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The zygomaticus is a set of muscles found in the cheekbone that serves to pull the facial expression upward, as in smiling, laughing, or when one is wincing. There are two types of this muscle: major and minor. Both muscles stretch downward from the cheekbone to different areas of the mouth. These muscles are also one of the areas through which the facial nerve is innervated.
The zygomaticus major extends from the top of the cheekbone, also called the zygomatic or malar bone, to the corners of the mouth. When one smiles or laughs, the muscle stretches to pull the mouth upward and sideways, creating a smiling expression. It also stretches the skin around the top of the cheekbone, which is why frequent use of this muscle can cause crow's feet, or wrinkles around the eye.
The zygomaticus minor attaches at the cheekbone and extends to the area between the upper lip and the nose. When stretched, it pulls the upper lip upward, sideways and outward. Where the major muscle is mainly used for smiling, the minor muscle is used in a variety of expressions, including discomfort and sadness.
The risorius muscle can also be used for smiling. This muscle, however, is often used during forced smiles, whereas the zygomaticus is used involuntarily during smiles reflective of a genuinely happy mood. The expression "he or she wasn't smiling with their eyes" may well be noting the less-than-convincing smile resulting from the risorius muscle, which only stretches a small area of the face around the mouth. The zygomaticus muscle, on the other hand, stretches a larger area of the face, including the skin around the eyes.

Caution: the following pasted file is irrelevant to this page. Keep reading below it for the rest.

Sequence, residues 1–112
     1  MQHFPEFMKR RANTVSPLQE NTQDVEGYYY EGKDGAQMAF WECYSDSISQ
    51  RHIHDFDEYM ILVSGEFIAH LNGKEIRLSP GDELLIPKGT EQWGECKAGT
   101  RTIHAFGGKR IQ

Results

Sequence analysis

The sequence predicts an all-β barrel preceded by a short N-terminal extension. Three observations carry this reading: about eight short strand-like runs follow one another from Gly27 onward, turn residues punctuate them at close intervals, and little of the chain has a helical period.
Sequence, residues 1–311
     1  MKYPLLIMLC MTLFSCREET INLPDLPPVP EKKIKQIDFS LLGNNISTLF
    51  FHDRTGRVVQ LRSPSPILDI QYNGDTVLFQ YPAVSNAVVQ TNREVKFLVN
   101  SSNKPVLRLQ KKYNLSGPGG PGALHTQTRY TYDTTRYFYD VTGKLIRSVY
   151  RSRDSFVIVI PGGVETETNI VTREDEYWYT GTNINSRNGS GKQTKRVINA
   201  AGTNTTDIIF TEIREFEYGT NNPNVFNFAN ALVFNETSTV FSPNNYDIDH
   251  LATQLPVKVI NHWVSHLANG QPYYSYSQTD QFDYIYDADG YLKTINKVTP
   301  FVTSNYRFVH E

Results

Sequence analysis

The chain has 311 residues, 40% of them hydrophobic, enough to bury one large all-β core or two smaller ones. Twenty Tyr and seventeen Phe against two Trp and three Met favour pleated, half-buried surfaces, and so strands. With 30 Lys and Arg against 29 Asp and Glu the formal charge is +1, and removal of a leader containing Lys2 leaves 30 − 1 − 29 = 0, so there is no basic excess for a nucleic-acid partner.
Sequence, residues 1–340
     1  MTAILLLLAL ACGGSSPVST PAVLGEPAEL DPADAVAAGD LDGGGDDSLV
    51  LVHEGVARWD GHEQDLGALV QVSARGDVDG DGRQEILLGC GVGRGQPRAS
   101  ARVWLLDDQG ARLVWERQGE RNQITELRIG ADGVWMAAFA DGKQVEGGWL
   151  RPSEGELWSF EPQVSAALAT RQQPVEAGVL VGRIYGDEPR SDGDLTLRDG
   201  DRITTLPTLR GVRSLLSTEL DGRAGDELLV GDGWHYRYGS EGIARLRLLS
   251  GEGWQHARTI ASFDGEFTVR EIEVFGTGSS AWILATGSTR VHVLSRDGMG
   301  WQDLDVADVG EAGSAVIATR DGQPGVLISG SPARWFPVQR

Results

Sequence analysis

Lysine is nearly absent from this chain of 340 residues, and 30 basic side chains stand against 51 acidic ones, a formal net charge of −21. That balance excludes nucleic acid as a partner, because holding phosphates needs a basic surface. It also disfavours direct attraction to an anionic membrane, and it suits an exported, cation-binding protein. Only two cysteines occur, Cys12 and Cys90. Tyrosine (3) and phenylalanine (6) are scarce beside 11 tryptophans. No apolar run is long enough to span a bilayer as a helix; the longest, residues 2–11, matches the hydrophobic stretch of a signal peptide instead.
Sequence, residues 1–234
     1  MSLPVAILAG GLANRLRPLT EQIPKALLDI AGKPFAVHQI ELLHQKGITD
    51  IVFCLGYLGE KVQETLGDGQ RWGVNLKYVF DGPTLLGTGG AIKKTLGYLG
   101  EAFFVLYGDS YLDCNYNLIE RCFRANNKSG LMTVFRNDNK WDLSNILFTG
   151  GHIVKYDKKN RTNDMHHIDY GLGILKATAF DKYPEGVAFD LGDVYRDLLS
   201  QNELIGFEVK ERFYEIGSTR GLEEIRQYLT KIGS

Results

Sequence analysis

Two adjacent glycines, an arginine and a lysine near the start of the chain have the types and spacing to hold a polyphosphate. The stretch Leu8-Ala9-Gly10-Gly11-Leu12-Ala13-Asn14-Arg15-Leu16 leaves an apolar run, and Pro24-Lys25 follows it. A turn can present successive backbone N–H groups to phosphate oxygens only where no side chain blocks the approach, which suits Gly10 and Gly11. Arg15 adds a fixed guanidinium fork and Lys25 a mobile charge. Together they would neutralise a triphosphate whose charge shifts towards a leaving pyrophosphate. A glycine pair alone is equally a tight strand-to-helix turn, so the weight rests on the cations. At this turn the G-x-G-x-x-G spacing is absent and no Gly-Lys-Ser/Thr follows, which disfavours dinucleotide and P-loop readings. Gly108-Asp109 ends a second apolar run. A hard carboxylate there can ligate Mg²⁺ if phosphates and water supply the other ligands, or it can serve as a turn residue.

These muscles are also used to pucker and purse the lips, as in kissing. These muscles play a role in the chemical reactions that occur within the body and brain during kissing. This is because the facial nerve is innervated through the zygomaticus. When kissing, the facial nerve sends signals back to the brain, which then produces chemicals and endorphins associated with increased feelings of intimacy.
Variations within the texture of zygomaticus muscles are a common cause of dimples. This is why dimples are often only visible when one is smiling. Due to the fashionable appeal of dimples among some groups of people, some plastic surgeons perform operations that create dimples by modifying the texture of the muscle.
I'm curious about the part that evolution played in developing facial expressions. Did the pre-humans have a different kind of facial muscle? Did attempts of expressions such as "feeling good" or "feeling sad" stimulate the evolution of the kind of facial muscles that we have now?
Or did the facial muscles evolve first for a different reason than showing emotion? Then maybe the facial movements followed and emotions grew out of that? Questions, questions!
When I read this article, the first thing that came to mind, was that the movement that shows we are happy (smiling) cause wrinkles around our eyes, mouth and nose. So I guess the more we smile and laugh, the more wrinkles we'll get!
It's interesting that these same muscles, bones and nerves are used for other expressions,like a frown,a sneer, a circle mouth (ho,ho,ho), pout, a scream and many others.
The expressions made with the mouth and cheek bones are really the cornerstone of our emotional feelings.